Principal Sheri Shirley's transformation of Oakland Heights Elementary School—a Title I school in Russellville, Arkansas—was so remarkable, it was highlighted in a book by Washington Post columnist Karin Chenoweth and in a newsletter of the Education Trust, a Washington, D.C.-based national think tank. Since becoming principal in 2001, Shirley has helped dramatically raise the number of students meeting or exceeding state standards, particularly among minority and low-income students. She has implemented a 90-minute literacy block, acquired a wealth of learning resources for the school, and created a system that involves teachers in data analysis, job-embedded professional development and the study of research-based best practices. Shirley instituted formal assessments at the beginning and end of each year and created an assessment proficiency wall to help students and teachers track progress and determine areas of need in literacy and math. She also organized teachers in vertical teams across grade levels to help avoid gaps in student learning. Formerly a second-grade teacher and the first elementary teacher in the district to become National Board Certified, Shirley has completed Phase II of the Arkansas Leadership Academy's Master Principal Institute. Last year, Shirley created a free dance academy at Oakland Heights, for which she helped acquire a $5,000 grant for leotards, ballet flats and tap shoes. Even the boys got involved, and the end-of-year dance recital was a proud moment for students, parents, teachers, staff and Principal Sheri Shirley.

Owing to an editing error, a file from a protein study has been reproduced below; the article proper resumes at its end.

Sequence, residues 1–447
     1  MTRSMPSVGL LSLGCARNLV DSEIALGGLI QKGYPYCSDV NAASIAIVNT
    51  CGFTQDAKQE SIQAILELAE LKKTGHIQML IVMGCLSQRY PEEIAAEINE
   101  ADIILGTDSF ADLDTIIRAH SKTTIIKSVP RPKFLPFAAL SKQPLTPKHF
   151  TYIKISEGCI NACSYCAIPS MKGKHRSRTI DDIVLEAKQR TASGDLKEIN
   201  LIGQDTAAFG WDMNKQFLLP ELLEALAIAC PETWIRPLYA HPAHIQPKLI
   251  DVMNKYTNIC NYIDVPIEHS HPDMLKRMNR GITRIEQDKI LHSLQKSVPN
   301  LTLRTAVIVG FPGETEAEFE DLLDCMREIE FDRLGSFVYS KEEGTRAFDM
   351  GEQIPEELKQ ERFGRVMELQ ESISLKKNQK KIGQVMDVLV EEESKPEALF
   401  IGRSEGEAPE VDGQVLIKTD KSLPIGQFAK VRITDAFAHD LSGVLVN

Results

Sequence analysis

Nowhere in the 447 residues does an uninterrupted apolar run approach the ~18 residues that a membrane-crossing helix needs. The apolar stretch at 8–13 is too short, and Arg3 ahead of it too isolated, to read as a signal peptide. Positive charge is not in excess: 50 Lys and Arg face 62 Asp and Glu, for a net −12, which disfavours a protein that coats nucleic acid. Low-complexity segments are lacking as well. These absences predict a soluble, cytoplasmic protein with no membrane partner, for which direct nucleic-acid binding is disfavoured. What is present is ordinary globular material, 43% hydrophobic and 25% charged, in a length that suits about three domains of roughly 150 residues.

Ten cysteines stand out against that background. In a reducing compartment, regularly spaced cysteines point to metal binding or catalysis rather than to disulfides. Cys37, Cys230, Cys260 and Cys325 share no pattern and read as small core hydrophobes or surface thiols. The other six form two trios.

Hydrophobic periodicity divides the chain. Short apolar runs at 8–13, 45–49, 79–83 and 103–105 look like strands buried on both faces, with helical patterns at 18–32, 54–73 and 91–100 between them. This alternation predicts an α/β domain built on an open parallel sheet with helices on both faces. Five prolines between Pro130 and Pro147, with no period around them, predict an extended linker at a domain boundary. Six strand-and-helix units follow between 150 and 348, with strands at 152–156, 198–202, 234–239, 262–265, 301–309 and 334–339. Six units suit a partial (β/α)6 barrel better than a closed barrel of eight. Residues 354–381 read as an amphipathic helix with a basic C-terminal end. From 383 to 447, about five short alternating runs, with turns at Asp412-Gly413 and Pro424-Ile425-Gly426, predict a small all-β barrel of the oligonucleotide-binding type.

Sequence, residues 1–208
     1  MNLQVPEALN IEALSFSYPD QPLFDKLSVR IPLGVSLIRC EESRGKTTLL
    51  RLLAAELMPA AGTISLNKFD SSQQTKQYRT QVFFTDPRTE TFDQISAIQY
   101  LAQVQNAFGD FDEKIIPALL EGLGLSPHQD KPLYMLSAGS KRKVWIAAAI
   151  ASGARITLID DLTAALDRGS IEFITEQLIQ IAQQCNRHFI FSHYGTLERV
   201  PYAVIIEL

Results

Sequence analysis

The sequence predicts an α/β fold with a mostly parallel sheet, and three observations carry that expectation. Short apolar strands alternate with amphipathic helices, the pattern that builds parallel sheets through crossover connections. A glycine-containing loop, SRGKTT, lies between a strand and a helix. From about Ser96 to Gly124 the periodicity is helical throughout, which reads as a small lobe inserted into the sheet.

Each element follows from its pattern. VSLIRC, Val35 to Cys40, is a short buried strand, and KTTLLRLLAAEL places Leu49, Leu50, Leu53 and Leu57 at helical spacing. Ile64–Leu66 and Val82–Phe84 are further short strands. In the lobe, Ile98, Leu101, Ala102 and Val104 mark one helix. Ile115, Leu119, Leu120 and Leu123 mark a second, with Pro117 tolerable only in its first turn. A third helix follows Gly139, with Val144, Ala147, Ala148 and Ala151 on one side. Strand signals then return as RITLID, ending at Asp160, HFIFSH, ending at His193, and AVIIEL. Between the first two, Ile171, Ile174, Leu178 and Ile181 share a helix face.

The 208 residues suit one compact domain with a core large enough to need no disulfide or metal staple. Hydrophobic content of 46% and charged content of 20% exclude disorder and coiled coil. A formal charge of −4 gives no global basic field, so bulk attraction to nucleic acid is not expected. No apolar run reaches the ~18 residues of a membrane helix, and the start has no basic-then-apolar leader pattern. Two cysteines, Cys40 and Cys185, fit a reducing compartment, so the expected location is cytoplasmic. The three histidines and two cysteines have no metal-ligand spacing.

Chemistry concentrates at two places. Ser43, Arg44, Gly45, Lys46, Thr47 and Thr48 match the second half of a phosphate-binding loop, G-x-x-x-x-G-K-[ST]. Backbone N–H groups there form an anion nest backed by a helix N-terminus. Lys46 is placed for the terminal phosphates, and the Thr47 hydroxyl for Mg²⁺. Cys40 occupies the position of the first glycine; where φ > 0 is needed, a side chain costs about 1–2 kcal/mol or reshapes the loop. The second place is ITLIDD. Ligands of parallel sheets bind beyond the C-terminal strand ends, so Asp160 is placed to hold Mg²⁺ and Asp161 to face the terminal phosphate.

1988 Arkansas Tech University, B.S.